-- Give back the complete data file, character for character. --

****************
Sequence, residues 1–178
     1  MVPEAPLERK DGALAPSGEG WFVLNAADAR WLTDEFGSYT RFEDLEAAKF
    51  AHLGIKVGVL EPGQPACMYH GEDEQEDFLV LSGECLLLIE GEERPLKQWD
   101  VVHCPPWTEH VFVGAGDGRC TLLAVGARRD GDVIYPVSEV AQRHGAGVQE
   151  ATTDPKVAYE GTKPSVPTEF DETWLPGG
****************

Sequence, residues 1–178
     1  MVPEAPLERK DGALAPSGEG WFVLNAADAR WLTDEFGSYT RFEDLEAAKF
    51  AHLGIKVGVL EPGQPACMYH GEDEQEDFLV LSGECLLLIE GEERPLKQWD
   101  VVHCPPWTEH VFVGAGDGRC TLLAVGARRD GDVIYPVSEV AQRHGAGVQE
   151  ATTDPKVAYE GTKPSVPTEF DETWLPGG